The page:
As I look at what I am reading and want to read this summer, it’s kind of all over the place. I’ll be reading about Vermont education, racial justice, and some fiction in the fantasy genre. Continue reading
Summer in Vermont brings on a different set of activities, a different pace of life, and an opportunity for renewal – at least for me. Last week I had a chance to connect with nature in a way I hadn’t in a long time. I finally got out on my mountain bike and did some exploring and tried to remember all the great reading recommendation from the past year. There were too many to remember, much less to read in one summer. Next time I’ll write them down! Summer also offers up the opportunity to have a little more choice in what I read. That night I did some searching and finalist my summer reading list. My goal is 10 books by the end of August. So here goes… Continue reading
With July comes the “Dog Days” of summer – named due to their association with Sirius, the Dog Star. Sirius is the (second) brightest star in the sky, and Voyager 2 will get within 5 light years of it as long as nothing bad happens for the next 296,000 years. Anyway, centuries ago, Sirius would rise with the sun during July and August, thus associating these hot days with canines. Fun facts to share!
That’s about all the science in this post…
Howdy. I’m Rachel – new Professional Development Coordinator at the Tarrant Institute. I live in the beautiful southern part of Vermont and am thrilled to join the staff of TIIE after 16 years of teaching literacy and social studies to amusing adolescents.
Typically, I devour books during the summer. One of my favorite things to do is to ignore the demands of my children, my household, and my job, and just get lost in a book. It is summer, after all.
Mama, don’t let your babies grow up to be sea monsters
Also some removing of hex bug brains and replacing them with better brains, but that’s a different blogpost.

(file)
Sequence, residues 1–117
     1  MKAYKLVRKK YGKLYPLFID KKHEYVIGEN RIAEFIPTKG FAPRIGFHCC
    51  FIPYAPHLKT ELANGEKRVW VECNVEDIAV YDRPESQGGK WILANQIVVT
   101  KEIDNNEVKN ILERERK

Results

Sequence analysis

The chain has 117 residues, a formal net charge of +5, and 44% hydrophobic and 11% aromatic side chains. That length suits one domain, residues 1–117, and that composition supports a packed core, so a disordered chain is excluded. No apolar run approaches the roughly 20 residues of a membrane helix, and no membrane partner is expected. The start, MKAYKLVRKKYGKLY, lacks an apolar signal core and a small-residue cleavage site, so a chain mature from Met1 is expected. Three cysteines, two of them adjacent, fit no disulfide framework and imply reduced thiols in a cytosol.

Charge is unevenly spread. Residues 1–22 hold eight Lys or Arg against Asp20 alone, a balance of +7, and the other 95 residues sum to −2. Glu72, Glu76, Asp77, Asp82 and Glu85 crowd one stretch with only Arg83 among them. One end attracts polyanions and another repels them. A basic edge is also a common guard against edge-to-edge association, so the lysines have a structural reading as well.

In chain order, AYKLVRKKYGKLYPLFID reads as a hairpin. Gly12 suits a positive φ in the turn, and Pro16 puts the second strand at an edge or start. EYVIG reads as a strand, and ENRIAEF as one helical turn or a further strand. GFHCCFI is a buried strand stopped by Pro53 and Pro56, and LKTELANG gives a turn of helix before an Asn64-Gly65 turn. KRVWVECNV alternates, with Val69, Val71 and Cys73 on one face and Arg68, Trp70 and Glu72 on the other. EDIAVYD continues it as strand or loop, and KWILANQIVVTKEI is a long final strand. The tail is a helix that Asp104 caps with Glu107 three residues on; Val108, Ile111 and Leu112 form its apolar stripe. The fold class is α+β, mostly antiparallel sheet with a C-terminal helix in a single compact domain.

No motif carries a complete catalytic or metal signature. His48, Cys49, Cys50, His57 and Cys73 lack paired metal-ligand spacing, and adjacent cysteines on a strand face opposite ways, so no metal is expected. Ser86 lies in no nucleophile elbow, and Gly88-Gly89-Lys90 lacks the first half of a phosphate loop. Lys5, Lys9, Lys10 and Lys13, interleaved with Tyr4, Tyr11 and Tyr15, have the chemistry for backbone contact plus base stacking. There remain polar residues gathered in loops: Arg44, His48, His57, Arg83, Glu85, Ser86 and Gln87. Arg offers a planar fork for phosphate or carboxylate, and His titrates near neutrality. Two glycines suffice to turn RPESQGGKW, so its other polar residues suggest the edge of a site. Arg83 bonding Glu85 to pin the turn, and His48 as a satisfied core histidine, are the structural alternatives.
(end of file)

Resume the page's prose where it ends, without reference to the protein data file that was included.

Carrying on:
As all work and no play makes Jack take a job as a caretaker in a haunted hotel and hear voices tell him to pick up an axe, the Tarrant Institute does in fact endorse the taking of vacations. So without further ado:
by Dayna McRoberts
The Community Sailing Center (CSC) in Burlington has developed a multi-age, year-round environmental curriculum that works in conjunction with local schools to teach the opportunistic, seasonal lessons provided by Burlington’s landscape. Floating Classrooms engages students with their environment through ecology, science, and a medium the CSC holds dear: sailing.
Reflections from Vermont educators embarking on the 1:1 process
As the 2015 Middle Grades Institute draws to a close, we check in on some of the amazing work educators have been doing with their teams this week. And this time we’re focusing on the 1:1 planning they’ve been doing.
Experiment with flexibility: tech + assessment
At Edmunds Middle School, in Burlington Vermont, Sarah Wright is rethinking assessment to create a self-paced Spanish class. Students can re-take exams as many times as possible, and work towards proficiency as it’s defined in the real world; the ability to communicate is what defines mastery of the subject. A stellar example of experimenting with schedule/assessment/instruction changes to meet proficiencies.
Setting goals for summer learning and beyond
It’s Day 3 of the 2015 Middle Grades Institute, a gathering of more than 200 Vermont educators all passionately invested in technology-rich, student-centered educational change. And with the Act 77 deadline requiring a Personal Learning Plan for every student in Vermont grades 7-12 coming up in November, talk around personalizing learning and capturing evidence of personalized learning are at the forefront of everyone’s minds.
Let’s hear from four schools attending MGI about their engagement with the personalized learning process, as they spend their first week of summer planning for the coming year.
Go beyond back-channeling and unlock creative communication
This summer, look for ways to liven up your faculty meetings and delve a little deeper with technology. Try something new or take a new look at a tool you’re already using. Here are 3 ways of using collaborative digital tools for faculty meetings.